Two statewide trade groups that have emerged to actively promote medical marijuana use in Arkansas are planning special events to celebrate the hallmark starting point of the state’s newest industry.
The deadline for filing applications for cultivation centers and dispensaries was Monday (Sept. 18). The Medical Marijuana Commission began accepting bids in early May for five operators to up to eight marijuana growing facilities and another 32 dispensary applicants to operate up to 40 retail locations in eight quadrants of the state. There were 200 dispensary applications and 100 proposals for the state’s first legalized greeneries to grow marijuana for use in cannabis-related products submitted to the Commission.
The Arkansas Cannabis Industry Association has scheduled a mixer on Sept. 21 for any and every one associated with the fledgling industry to celebrate the milestone in Arkansas’ history.
“Our ‘celebration’ mixer is the first opportunity for applicants to get together and to start talking about how to best implement our plans for bringing medical cannabis to Arkansas patients, now that the hyper-competitive time has passed,” said ACIA President Storm Nolan. “It’s also a great opportunity to just socialize and make friends among those who do wish to be in the industry. Prospective dispensary owners and prospective cultivation facility owners will need to join together in the approaching months and form working relationships that will be critical once licenses are awarded.”
On the day before, the recently-formed Arkansas Medical Marijuana Association will host a half-day symposium on cannabis industry and regulatory issues featuring a presentation by talk show host and medical marijuana advocate Montel Williams. Williams, who has multiple sclerosis, recently joined the AMMA board and has been outspoken in support of medical marijuana as a treatment option for a variety of chronic illness symptoms. He is also the founder of medical cannabis company Lenitiv Scientific, which has pushed for legalizing medical marijuana in the U.S. for nearly two decades. In 2012, he visited Arkansas to support the ballot measure that year.
“Five years ago, I was in Little Rock on the steps of the State Capitol helping to raise up the voices of the many seriously ill Arkansans who were begging for some compassion. I’ll never forget them, so it’s truly an honor for me to join the (AMMA) board as your program begins its implementation,” Williams said in a statement. “I believe a well-regulated, patient-focused medical marijuana program in Arkansas will lead to conversations in state capitols throughout the South.”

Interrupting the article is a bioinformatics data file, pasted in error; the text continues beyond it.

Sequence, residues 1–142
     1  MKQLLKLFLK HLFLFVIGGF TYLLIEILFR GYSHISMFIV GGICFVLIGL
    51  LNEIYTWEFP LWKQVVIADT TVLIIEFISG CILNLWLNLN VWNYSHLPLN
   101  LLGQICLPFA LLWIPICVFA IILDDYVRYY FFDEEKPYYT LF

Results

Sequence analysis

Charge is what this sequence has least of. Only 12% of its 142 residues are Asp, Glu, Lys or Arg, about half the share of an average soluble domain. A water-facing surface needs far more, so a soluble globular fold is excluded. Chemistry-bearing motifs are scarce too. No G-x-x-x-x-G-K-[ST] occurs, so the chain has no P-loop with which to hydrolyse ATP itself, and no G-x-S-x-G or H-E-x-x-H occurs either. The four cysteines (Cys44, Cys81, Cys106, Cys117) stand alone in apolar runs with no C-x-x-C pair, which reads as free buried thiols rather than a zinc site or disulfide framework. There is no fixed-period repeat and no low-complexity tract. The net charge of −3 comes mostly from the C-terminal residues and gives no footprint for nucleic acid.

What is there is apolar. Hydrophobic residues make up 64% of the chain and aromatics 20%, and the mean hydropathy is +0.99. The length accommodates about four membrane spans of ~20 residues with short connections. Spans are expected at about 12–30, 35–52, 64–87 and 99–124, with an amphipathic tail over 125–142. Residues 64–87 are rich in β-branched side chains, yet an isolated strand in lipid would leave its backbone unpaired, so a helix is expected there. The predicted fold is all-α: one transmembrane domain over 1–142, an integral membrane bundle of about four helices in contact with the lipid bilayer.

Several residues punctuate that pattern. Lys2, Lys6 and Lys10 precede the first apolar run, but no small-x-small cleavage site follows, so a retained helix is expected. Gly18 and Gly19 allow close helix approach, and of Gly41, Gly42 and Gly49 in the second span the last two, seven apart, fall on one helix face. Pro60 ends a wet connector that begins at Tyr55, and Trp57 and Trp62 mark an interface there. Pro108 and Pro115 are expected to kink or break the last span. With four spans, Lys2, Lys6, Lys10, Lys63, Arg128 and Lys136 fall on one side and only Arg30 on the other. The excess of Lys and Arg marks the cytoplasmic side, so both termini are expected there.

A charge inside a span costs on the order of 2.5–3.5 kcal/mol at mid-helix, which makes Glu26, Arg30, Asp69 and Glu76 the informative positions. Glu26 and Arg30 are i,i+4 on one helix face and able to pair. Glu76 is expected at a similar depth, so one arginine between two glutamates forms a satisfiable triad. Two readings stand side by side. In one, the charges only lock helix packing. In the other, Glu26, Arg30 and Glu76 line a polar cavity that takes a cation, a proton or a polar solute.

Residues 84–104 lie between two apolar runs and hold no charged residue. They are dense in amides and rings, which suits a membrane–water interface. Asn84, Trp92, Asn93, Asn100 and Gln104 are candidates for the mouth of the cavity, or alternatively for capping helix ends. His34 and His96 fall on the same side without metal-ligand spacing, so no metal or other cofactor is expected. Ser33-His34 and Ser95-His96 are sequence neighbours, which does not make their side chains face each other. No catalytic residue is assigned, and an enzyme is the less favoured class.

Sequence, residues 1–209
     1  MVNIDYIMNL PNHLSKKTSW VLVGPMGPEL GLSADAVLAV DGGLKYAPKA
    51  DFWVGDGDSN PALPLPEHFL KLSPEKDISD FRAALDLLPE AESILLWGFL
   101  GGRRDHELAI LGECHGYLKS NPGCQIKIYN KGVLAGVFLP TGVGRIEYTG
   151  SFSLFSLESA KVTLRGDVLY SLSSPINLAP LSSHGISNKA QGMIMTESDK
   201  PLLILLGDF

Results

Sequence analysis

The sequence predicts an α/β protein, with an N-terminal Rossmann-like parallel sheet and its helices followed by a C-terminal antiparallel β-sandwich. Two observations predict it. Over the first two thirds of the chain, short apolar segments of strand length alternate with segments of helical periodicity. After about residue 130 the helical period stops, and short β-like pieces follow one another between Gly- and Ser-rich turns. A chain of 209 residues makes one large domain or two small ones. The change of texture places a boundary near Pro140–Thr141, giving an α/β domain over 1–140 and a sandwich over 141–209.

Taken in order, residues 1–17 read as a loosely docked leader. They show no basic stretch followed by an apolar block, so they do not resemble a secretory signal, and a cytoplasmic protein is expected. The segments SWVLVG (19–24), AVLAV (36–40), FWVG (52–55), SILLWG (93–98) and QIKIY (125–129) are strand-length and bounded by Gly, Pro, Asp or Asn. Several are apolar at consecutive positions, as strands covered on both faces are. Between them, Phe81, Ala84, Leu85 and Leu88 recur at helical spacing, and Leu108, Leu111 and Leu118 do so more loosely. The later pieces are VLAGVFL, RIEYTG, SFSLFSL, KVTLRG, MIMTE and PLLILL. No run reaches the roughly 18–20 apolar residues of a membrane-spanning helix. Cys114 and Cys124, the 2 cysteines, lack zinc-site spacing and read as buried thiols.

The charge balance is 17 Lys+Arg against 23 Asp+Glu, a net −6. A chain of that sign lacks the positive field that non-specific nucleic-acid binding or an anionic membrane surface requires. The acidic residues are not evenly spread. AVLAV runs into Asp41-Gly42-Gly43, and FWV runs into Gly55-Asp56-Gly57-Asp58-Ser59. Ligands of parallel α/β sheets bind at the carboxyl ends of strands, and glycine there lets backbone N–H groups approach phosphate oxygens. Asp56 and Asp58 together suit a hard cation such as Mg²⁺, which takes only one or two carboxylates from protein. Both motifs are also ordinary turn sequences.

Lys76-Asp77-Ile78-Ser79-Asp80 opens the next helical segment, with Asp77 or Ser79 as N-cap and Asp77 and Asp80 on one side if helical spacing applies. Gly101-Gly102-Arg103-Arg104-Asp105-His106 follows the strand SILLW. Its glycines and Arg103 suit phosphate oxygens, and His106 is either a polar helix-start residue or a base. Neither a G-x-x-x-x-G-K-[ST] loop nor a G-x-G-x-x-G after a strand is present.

To support the state’s cannabis industry, the Arkansas Department of Health began accepting applications for medical marijuana registry identification cards on July 1. As of Sept. 16, ADH spokeswoman Katie White told Talk Business & Politics there have been 1,182 completed and approved applications since state health officials began receiving those submissions.
Under the two dozen bills approved by the Arkansas General Assembly promulgating rules for medical marijuana use in the 2017 session, the Health Department, the Medical Marijuana Commission, DFA and the Arkansas Beverage will each share separate roles in regulating different parts of the industry. Two bills to ban medical marijuana edibles and smoking in certain places were nixed during the legislation session.
State policymakers said recently that some of those rules are still being fleshed out, but the first sale of doctor-approved and prescribed medical pot and cannabis derivatives are expected by early 2018. Arkansas voters approved a constitutional amendment during the November election to allow medical patients in Arkansas to purchased pot by prescription. Two bills to let those patients smoke it or buy it in edible form failed in close votes on the Senate floor and died when the legislature adjourned in early May.